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MN Wage Theft Law

Wage theft occurs when employers do not pay their workers what is owed for the work they have performed. It’s estimated up to 40,000 Minnesota workers pursue complaints of wage theft each year. Legislation was passed in May 2019 that will invest $3.1 million in new funding over the next two years in the Department of Labor and Industry’s enforcement of the state’s wage and hour laws.

New “Wage Statement” Requirement and Additional Record keeping

The new law creates a new “wage statement” that must be provided to employees in writing at the start of employment.  Employees must sign the wage statement and employers are required to keep a copy and provide a new notice if there are any changes. Also, updates include several new record keeping requirements for Minnesota employers as well as additional authority for the Minnesota Department of Labor and Industry to enforce compliance.

Signed Wage Statement for Each Employee

The law creates a new “wage statement” requirement which requires all employers to provide a new employee with written notice of the following “at the start of employment”:

  • (1) the rate or rates of pay and basis thereof, including whether the employee is paid by the hour, shift, day, week, salary, piece, commission, or other method, and the specific 63.24 application of any additional rates;
  • (2) allowances, if any, claimed pursuant to permitted meals and lodging;
  • (3) paid vacation, sick time, or other paid time-off accruals and terms of use;
  • (4) the employee’s employment status and whether the employee is exempt from minimum wage, overtime, and other provisions of chapter 177, and on what basis;
  • (5) a list of deductions that may be made from the employee’s pay;
  • (6) the number of days in the pay period, the regularly scheduled pay day, and the pay day on which the employee will receive the first payment of wages earned;
  • (7) the legal name of the employer and the operating name of the employer if different from the legal name;
  • (8) the physical address of the employer’s main office or principal place of business, and a mailing address if different; and
  • (9) the telephone number of the employer.

This notice must be signed by the employee and kept by the employer.  The law also would require an employer to provide written notice to an employee whenever anything in the original written notice changes.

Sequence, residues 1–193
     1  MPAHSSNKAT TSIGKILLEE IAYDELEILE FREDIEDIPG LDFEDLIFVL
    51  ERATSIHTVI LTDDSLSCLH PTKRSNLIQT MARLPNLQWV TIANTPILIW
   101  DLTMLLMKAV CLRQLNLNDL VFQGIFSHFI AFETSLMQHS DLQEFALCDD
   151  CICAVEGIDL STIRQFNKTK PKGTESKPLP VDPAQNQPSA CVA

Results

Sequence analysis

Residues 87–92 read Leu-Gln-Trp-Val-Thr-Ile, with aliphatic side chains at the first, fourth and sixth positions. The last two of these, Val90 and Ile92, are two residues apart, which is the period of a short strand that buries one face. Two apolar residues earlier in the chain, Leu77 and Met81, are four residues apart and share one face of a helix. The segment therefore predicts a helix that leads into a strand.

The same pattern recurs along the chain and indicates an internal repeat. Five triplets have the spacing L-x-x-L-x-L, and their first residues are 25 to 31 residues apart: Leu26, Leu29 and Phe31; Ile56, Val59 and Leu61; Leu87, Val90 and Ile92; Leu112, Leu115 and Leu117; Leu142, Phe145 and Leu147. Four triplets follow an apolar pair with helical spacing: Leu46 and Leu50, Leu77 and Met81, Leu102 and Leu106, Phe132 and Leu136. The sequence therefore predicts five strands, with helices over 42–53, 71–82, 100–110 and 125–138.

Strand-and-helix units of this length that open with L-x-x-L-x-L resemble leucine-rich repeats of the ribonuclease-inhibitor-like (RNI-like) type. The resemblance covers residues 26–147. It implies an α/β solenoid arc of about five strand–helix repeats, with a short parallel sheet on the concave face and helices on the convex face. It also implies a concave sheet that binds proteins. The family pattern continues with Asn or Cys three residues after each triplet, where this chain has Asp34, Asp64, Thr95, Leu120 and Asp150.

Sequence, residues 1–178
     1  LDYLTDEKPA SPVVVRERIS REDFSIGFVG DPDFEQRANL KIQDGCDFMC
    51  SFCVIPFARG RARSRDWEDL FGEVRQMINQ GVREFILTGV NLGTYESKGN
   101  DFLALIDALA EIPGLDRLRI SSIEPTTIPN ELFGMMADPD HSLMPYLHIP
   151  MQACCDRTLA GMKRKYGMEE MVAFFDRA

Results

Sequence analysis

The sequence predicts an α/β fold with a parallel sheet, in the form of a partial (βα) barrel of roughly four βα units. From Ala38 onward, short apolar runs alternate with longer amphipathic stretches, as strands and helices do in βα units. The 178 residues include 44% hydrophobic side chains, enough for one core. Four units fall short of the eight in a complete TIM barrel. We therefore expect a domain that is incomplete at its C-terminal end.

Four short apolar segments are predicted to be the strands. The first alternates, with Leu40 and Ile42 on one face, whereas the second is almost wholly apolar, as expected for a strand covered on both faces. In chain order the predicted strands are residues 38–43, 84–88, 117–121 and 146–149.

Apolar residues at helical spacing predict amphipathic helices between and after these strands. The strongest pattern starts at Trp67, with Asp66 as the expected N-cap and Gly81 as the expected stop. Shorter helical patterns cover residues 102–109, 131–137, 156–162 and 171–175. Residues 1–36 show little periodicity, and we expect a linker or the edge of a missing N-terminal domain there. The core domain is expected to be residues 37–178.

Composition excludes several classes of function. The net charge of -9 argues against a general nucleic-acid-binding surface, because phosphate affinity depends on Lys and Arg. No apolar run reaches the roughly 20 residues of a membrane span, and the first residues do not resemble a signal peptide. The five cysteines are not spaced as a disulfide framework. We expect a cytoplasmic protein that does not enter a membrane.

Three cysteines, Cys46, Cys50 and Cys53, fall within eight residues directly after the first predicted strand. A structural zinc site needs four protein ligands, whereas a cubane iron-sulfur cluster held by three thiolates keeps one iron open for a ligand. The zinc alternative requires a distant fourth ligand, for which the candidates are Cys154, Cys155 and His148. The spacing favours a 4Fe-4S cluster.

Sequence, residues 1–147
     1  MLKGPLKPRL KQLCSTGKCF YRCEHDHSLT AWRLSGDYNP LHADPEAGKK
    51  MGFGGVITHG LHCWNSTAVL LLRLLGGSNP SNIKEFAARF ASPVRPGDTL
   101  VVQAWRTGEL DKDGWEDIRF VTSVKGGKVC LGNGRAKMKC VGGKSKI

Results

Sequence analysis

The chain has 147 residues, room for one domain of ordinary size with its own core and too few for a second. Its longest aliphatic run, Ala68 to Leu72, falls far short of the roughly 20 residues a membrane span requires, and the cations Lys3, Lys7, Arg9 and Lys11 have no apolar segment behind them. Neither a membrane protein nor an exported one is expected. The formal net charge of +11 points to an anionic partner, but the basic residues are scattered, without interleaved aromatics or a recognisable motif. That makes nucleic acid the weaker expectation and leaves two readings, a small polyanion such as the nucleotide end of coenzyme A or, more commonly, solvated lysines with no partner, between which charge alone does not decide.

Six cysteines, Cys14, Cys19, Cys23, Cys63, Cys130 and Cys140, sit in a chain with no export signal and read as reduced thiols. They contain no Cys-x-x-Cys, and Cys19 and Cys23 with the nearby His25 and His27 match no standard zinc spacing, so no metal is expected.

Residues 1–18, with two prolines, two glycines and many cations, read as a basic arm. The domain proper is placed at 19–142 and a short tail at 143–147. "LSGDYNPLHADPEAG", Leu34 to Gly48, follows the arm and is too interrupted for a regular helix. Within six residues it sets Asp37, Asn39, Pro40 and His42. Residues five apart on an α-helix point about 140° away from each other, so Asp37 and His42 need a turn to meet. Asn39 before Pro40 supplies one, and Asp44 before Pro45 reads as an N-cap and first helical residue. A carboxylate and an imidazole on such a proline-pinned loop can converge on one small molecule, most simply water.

Earnings Statements Must Include New Information

Information required includes the basis of pay (hourly, salary, piece rate, etc.), any allowances for meals or lodging, and the address and phone number of the employer.  An earnings statement must be provided to each employee at the end of the pay period. [Minn. Stat. § 181.032.]

Employer Record Keeping

The new law requires employers to keep employment records, including:

  • the name, address, and occupation of each employee;
  • the rate of pay, and the amount paid each pay period to each employee;
  • the hours worked each day and each workweek by the employee, including for all employees paid at piece rate, the number of pieces completed at each piece rate;
  • a list of the personnel policies provided to the employee, including the date the policies were given to the employee and a brief description of the policies;
  • a signed copy of the new “wage statement,” (referenced above)

All records must be available for inspection and must be kept at the place where employees are working or kept in a manner that allows the employer to fulfill any demand for inspection within 72 hours.  The law also creates a new maximum fine of $5,000 for repeat violations.

Earnings Paid Every 31 Days; Commissions Paid Every 3 Months

Minnesota Statute 181.101 is amended to read that every employer must pay all wages, including salary, earnings, and gratuities earned by an employee at least once every 31 days and all commissions earned by an employee at least once every three months,

Additional Authority for DOLI to Investigate Violations

The bill amends Minnesota Statute 175.20 to allow the Commissioner of DOLI to enter the places of business of employers, during work hours, to investigate potential violations of chapters 177, 181, 181A, and 184.  The investigation authority includes the ability to collect various evidence of potential violations of law and to interview witnesses.

To view a PDF of law changes that will go into effect July 1, 2019, click here

Sample form

Sample form (Spanish)

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